PE ratio can help assess value of your portfolio
The PE ratio by itself says little, you have to associate it with an industry, a portfolio and its historical trend to arrive at a relevant conclusion
After the recent highs, as markets start to correct once again, the conversations around valuation have resurfaced. But before you decide to change your allocation based on whether the market is expensive or not, understand what valuation you need to be concerned about. Looking at price-earnings (PE) ratio can help assess valuation.
Historical versus forward PE
Simply put, PE ratio takes the current market price of a stock or what you pay to buy it and divides it by the earnings per share (EPS) or what you earn for each share. It represents how much you are willing to pay for the annual earnings of the company. A PE of say 20 times signifies that for every Re1 of earnings, you are willing to pay Rs20. The price paid, however, is not reflective of the absolute earnings, rather it indicates your expectation on annual earnings growth. A high PE reflects expectations of high earnings growth over the next year and vice-versa.
A trailing or historical PE is calculated using the previous 12 months’ earnings and shows what is already achieved.
A forward PE is calculated on the basis of estimated one-year earnings for the year ahead. This can be done based on your own estimates of how the company profits will come through or on analyst expectations. A forward PE is more dynamic as any corporate announcement or external factor can impact future earnings estimates and alter it. Unlike trailing PE, this number is dependent on individual analyst biases. But it’s useful to consider both simultaneously for stock selection.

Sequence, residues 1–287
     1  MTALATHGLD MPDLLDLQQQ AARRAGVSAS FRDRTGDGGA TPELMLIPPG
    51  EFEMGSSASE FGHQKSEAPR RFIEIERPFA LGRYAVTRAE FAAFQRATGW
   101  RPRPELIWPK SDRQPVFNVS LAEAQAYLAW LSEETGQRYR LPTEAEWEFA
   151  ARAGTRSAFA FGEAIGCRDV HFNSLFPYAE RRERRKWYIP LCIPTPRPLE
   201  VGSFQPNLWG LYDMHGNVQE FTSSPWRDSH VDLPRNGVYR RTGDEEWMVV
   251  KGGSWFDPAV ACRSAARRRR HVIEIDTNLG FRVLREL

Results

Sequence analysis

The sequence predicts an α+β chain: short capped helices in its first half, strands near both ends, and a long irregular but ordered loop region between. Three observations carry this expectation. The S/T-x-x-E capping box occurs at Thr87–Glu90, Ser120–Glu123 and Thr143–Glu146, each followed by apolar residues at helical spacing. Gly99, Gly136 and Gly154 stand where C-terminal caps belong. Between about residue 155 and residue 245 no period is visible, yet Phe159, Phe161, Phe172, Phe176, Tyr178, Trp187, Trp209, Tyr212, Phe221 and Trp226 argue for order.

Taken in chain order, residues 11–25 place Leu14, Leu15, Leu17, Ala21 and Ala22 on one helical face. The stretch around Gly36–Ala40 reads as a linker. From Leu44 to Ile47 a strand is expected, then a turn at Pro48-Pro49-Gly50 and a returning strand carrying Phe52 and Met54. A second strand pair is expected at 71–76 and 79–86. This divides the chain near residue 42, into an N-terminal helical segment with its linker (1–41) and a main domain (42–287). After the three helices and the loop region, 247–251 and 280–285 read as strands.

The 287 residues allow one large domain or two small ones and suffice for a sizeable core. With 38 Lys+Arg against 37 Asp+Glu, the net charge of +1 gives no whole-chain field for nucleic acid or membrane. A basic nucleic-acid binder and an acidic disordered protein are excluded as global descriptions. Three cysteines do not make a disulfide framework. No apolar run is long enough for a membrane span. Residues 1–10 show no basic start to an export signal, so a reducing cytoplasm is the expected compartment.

Need to look at portfolio PE
The portfolio PE ratio is the weighted average PE of all individual stocks put together. A market index is also a portfolio of stocks and its PE is the index price divided by aggregate earnings of individual stocks.
The PE of two portfolios can be different depending on the type of stocks they hold. For example, if you have invested in a large-cap fund, the PE can look lower compared to a small- and mid-cap fund. So never compare dissimilar portfolios.
Similarly, if you have a portfolio with a growth-oriented strategy, it is likely that its PE ratio is much higher than for the one with a value-oriented strategy.
The PE ratio by itself says little, you have to associate it with an industry, a portfolio and its historical trend to arrive at a relevant conclusion.
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